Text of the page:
Googles summer plan: To become the OS of your life

The big news out of Google I/O 2016 centered around Allo, Assistant, and Home. Much of the press has been tittering about how these products signal Google’s intention to wade into bot battle with Facebook’s Messenger, Apple’s Siri, and Amazon’s Alexa. However, the bigger implications are largely getting overlooked.
These developments and Google’s message about its direction are not about devices or apps or things. The more impressive Google revelation is about conversational interactions and relationships. It’s about people.
Briefly, Google Allo is an Android and iOS mobile messaging app scheduled for summer release that looks much like other chat apps. But Allo is enhanced with a machine learning engine that can parse context from images and text, allowing it to suggest remarkably cogent replies during messaging conversations, among other things. It “learns” through its integration with Google Assistant.
Assistant builds on Google’s Now platform and search capabilities and profile data. It personifies the company’s deep well of natural language processing technology. In his keynote, Google CEO Sundar Pichai described it thusly: “We think of it as a conversational assistant, we want users to have an ongoing, two-way dialog with Google … to help you get things done in your real world … understanding your context … We think of this as building each user their own individual Google.”
Google Home, the supposed Alexa/Echo challenger, hinges on Google Assistant. Presenters at I/O poked fun at rival Amazon’s limited knowledge base by boasting, “We do much more than simple searches that can be found on Wikipedia.” And they are right to be proud. Using the full weight of Google in your daily conversations is a very powerful proposition.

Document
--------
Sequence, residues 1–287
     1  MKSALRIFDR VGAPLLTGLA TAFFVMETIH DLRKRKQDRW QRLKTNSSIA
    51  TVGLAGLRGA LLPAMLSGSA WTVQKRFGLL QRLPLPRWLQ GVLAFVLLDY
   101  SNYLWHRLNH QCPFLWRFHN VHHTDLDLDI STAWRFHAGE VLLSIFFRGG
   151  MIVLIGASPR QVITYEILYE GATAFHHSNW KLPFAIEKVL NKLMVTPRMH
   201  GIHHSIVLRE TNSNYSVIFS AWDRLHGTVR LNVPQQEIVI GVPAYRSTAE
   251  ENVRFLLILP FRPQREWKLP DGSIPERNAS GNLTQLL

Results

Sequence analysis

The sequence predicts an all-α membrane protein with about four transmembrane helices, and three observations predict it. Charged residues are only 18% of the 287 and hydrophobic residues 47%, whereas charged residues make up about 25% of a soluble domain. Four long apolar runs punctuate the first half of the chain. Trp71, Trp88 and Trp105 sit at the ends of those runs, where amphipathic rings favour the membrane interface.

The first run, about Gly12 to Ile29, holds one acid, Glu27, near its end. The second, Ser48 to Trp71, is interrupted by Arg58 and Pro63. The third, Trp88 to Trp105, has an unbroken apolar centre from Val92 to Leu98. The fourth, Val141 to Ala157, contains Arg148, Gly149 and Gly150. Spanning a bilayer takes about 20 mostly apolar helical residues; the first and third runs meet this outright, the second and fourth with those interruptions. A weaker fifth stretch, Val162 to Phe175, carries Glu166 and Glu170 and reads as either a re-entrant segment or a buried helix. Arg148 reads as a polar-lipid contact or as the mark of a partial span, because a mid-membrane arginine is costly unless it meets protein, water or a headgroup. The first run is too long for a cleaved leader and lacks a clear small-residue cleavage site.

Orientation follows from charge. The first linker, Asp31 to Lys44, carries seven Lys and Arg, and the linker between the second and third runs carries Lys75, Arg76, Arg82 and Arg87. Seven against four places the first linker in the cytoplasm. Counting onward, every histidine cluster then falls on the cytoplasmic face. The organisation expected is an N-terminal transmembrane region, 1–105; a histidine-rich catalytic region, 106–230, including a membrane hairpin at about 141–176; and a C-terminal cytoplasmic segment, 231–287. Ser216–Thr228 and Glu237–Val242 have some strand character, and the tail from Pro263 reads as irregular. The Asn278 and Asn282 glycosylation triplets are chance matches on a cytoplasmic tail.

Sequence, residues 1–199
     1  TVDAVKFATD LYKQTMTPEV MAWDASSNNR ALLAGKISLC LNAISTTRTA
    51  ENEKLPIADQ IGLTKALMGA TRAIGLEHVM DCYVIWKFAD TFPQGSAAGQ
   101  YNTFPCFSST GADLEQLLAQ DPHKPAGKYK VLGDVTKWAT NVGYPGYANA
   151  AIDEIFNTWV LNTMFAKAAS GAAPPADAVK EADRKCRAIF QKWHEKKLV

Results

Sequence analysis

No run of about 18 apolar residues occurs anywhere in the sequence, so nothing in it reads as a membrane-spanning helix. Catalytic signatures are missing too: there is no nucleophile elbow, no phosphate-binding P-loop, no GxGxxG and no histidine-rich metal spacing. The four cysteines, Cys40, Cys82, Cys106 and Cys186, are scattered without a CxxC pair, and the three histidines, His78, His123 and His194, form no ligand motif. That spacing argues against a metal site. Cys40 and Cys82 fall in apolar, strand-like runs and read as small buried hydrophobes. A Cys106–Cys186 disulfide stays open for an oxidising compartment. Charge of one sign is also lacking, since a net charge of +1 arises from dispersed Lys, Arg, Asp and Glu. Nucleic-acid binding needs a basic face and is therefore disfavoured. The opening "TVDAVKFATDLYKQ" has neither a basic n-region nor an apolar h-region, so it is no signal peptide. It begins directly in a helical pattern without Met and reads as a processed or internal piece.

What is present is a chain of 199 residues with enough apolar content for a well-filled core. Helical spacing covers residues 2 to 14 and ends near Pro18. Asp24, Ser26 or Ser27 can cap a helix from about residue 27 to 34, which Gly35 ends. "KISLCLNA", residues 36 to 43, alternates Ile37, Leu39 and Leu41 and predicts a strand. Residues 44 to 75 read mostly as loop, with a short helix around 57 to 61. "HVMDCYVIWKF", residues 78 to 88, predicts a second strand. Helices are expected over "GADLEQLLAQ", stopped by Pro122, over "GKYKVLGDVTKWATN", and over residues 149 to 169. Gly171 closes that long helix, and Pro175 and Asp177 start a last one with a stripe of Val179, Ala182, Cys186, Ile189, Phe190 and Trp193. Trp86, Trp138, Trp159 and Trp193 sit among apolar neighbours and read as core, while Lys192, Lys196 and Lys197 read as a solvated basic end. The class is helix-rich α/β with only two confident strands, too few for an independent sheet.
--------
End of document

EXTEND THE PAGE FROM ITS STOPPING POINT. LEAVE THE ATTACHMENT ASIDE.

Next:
The Google Home product may supply a great piece of the puzzle towards completing a connected life. Google’s various Android and Chrome implementations can potentially move Alexa-like power beyond the home and put such capability everywhere. There is no reason that your Android Wear watch or Android smartphone could not be your personalized voice conduit to the Google Assistant.
Context is everything here, and there is so much that can be done by better identifying who you are for the purpose of enhancing a new breed of generally assistive technologies. With Android in your pocket and a few beacons, you can create additional context about “where” and “who” and “what” all in the same stroke.
Google is clearly saying that its focus is not on particular apps or platforms or markets or things, it is on you. Considered in sum, these and many other Google offerings and their seemingly disparate targets and service goals, one thing is more clear than ever: By leveraging AI and natural interaction, Google intends to be the OS of your life (and also the company that provides all the development tools to build on top of that OS).
It is a brilliant position to take amid all the noise of IoT and machine learning and chatbots and smart devices and standards and augury about the future of technology. After all, life is about conversation.